Watercolour artist Charles Evans describes in six steps how he created this evocative painting of Morpeth Clock Tower in Northumberland
Morpeth is one of those gorgeous little market towns in Northumberland that is steeped in history and has a wonderful welcoming atmosphere.
In this recent painting, I concentrated on the old clock tower which stands at the head of the main street.
In the first image you will see that I have done my outline drawing and put on my sky wash.
The sky wash is a very simple affair.
First, with my 1.5 inch wash brush, I pre-wet the sky wash area with just clean water.
Next, I drop in some cobalt blue, stronger at the top.
I then wash out and squeeze my brush, then simply suck out some paint to create the clouds, and let this dry
In the next image, you will see that I have created all the distance.
First, for the trees, I use my No 8 round brush and pop in a little well-watered yellow ochre, followed by hookers green mixed with burnt sienna.
I let this dry, and then, using the same brush, fill in the distant buildings with raw umber for the lighter areas, followed by raw umber mixed with burnt sienna for the darker areas.
For the roofs, I use the cobalt blue, this time with a touch of light red mixed in.
I use the same mix for the intimation of windows.
First, I put on a base wash of raw umber mixed with burnt sienna and let all this dry.
For the roofs, again cobalt blue mixed with light red – but slightly stronger than we used it in the past. For the window areas, it’s again cobalt blue mixed with light red.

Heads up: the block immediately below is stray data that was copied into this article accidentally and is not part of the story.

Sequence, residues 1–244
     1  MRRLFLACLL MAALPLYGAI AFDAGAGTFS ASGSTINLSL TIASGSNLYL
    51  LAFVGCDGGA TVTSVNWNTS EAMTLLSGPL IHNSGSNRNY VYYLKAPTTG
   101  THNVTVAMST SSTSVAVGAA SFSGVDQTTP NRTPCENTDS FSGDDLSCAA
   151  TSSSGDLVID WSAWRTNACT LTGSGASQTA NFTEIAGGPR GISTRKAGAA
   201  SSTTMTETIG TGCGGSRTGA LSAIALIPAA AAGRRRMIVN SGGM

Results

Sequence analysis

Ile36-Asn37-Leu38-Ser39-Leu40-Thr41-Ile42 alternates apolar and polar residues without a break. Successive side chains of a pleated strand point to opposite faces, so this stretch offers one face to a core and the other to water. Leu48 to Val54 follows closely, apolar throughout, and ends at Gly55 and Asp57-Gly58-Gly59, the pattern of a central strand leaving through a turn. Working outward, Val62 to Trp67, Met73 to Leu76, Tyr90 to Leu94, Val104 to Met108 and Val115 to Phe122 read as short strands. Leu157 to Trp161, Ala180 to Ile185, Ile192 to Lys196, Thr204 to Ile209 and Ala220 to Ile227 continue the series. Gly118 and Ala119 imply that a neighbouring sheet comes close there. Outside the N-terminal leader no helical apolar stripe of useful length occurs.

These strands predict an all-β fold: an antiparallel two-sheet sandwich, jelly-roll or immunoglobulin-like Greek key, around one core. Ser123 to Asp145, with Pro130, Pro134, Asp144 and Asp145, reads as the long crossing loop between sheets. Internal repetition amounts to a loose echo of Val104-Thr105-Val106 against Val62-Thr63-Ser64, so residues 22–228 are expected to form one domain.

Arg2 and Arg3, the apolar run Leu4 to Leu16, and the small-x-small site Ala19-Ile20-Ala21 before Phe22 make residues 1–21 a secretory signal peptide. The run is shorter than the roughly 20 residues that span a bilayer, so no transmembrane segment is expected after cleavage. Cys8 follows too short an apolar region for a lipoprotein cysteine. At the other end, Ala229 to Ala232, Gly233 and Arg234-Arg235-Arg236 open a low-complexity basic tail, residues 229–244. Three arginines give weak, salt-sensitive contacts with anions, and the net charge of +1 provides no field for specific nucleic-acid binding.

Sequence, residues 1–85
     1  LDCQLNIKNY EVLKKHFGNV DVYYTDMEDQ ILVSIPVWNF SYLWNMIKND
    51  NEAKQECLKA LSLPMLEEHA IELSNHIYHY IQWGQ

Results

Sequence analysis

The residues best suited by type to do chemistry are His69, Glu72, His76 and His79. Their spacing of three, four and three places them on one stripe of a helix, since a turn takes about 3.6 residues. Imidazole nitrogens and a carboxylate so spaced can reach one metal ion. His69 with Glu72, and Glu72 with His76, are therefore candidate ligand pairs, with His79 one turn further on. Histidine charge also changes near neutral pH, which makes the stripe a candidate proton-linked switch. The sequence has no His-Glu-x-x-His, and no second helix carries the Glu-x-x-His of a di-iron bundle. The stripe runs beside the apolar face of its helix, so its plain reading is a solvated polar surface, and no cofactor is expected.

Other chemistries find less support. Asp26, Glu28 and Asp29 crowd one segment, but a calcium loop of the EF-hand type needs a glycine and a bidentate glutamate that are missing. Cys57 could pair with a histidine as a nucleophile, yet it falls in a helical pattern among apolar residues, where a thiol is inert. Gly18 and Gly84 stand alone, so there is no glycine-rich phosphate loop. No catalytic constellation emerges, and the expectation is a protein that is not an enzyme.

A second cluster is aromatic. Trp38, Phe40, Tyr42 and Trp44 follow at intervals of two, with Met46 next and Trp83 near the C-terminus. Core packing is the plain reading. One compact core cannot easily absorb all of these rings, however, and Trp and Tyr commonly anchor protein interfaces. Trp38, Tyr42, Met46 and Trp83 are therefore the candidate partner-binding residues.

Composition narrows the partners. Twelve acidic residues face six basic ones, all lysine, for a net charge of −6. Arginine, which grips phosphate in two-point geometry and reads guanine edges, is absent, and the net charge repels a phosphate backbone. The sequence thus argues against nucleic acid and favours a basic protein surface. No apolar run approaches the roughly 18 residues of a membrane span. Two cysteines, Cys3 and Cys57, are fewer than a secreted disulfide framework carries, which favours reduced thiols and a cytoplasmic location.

Notice at this stage that I’ve put the little shop-front in using just alizarin crimson – but again with lots of water.
Now for the big bit – which of course is the tower.
Again using my No 8 round brush I pre-wet the whole of the tower with just clean water.
Then while it’s still sopping wet, I drop in yellow ochre.
Next, I add raw umber.
I follow this with light red and finish it off with cobalt blue.
I allow all these colours to mingle and merge together.
Then I let it all dry.
The road in the foreground is cobalt blue with a tiny touch of light red and lots of water. For this, I used my ¾” wash brush.
Now back to the buildings. I take my No 8 round brush with raw umber and mix in a tiny touch of cobalt blue.
Then with single strokes, I create the image of stone work here and there. Don’t do too many or your building will look like its got chickenpox.
Adding the finishing touches
When I had finished with the stone work, I put a tiny touch of burnt sienna in to the same mix and painted the door in the tower.
Now more water into the same mix, and paint the little bit of pavement with this colour.
Finally its time for shadows.
Quite a strange mix this one: cobalt blue, alizarin crimson and burnt sienna.
Still using my No 8 round brush, I first concentrate on the shadows within the windows.
I then paint underneath the gutterings of buildings, and then change to my ¾” wash brush to do those big broad strokes of shadow on the clock tower and across the pavements.
These are all shadows cast by other building that are out of sight.
And there we go – not too much of a difficult painting to start off this series.